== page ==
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Mark Prisk on the importance of manufacturing

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After such a positive experience at DIY Kyoto in June, it was great to spend time with a different type of business on Wednesday. Ashley Anderson, based in the West Midlands, is a manufacturer specialising in mobility furniture, and all the company’s products are handmade in the UK. The business employs just over 40 people.

During the day I was briefed by the company’s directors about their plans for the future, and I then worked alongside different members of staff in the production and customer-service units. I saw the creation of one of Ashley Anderson’s recliners, from cutting the cloth through to the assembly of the finished unit.

 

Mark Prisk at Ashley Anderson

Afterwards I spent time with the customer-service units to see their role in handling incoming marketing calls and the processing of orders electronically and through their contact centre.

My main observation from the day was that there is still a strong appetite and interest in making things in this country, across management and workers. And manufacturing that closely targets its customers and is constantly innovating can prosper in difficult markets.

I fully recognise the importance of manufacturing, and its role in achieving a balanced economy in the UK. Working with businesses such as Ashley Anderson, the government wants to create a supportive environment for growth that will encourage innovation, exports and business investment. The UK has a wide variety of manufacturers and they often combine manufacturing with services, in a way that defies the narrow statistical approach taken by government previously.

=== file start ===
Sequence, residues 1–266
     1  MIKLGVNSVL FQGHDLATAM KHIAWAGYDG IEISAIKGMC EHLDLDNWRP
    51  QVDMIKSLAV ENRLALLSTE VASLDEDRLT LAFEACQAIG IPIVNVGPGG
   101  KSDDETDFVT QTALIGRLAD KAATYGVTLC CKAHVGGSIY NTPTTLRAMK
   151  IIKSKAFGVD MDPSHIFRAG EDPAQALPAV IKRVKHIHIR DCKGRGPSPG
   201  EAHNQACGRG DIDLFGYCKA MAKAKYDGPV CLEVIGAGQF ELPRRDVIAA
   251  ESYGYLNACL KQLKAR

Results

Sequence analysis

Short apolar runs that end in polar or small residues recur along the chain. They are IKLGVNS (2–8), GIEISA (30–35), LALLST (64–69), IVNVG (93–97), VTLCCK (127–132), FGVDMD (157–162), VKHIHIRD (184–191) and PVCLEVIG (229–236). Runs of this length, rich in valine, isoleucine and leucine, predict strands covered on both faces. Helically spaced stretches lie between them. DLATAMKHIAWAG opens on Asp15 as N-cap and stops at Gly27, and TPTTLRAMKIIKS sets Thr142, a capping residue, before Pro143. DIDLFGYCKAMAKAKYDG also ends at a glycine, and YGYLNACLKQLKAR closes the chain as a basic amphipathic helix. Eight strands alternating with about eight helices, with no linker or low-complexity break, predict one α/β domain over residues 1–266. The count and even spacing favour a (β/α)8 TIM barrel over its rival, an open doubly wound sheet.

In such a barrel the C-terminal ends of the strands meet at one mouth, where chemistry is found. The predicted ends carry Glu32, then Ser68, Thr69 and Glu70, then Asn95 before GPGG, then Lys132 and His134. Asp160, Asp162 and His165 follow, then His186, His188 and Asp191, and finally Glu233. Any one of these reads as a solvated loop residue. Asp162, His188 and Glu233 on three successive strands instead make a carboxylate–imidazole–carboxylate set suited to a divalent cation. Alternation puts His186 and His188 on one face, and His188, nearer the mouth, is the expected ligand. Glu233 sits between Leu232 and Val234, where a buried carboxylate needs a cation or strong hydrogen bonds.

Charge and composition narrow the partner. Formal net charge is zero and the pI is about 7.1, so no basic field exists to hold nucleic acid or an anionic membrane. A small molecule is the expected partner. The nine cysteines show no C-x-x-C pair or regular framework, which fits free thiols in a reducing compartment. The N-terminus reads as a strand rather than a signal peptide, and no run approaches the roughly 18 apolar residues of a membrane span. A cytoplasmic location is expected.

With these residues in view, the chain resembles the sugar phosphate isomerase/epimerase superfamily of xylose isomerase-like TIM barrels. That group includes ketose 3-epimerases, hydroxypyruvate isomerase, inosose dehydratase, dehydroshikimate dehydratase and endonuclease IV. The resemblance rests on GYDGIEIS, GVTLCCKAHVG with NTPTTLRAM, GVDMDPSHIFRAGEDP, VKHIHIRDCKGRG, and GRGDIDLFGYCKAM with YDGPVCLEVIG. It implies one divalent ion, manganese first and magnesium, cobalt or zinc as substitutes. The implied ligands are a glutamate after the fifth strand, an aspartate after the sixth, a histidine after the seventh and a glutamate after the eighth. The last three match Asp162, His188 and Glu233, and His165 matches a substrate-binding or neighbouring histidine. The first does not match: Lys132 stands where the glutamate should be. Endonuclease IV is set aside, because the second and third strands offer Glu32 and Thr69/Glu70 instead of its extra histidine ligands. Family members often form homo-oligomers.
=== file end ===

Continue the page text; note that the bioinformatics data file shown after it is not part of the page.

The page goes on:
In just my second day of work experience, I again saw that businesses face a wide range of regulations and that they urgently need us to reduce that burden. It has inspired me to renew our efforts to tackle regulation and has given me the confidence that the direction we are taking is the right one.

The UK has great ingenuity and capability in manufacturing. I was impressed by the pride shown by all of Ashley Anderson’s staff in the quality of what is being produced. This was clear from the shop floor right up to the board of directors.

It is vital that we provide the right conditions to ensure that UK manufacturing succeeds in the globally competitive environment. Spending a day with Ashley Anderson has underlined my belief that we have so many great small businesses in this country, and they need government to provide the right environment for growth.

Mark Prisk is the minister of state for business and enterprise.

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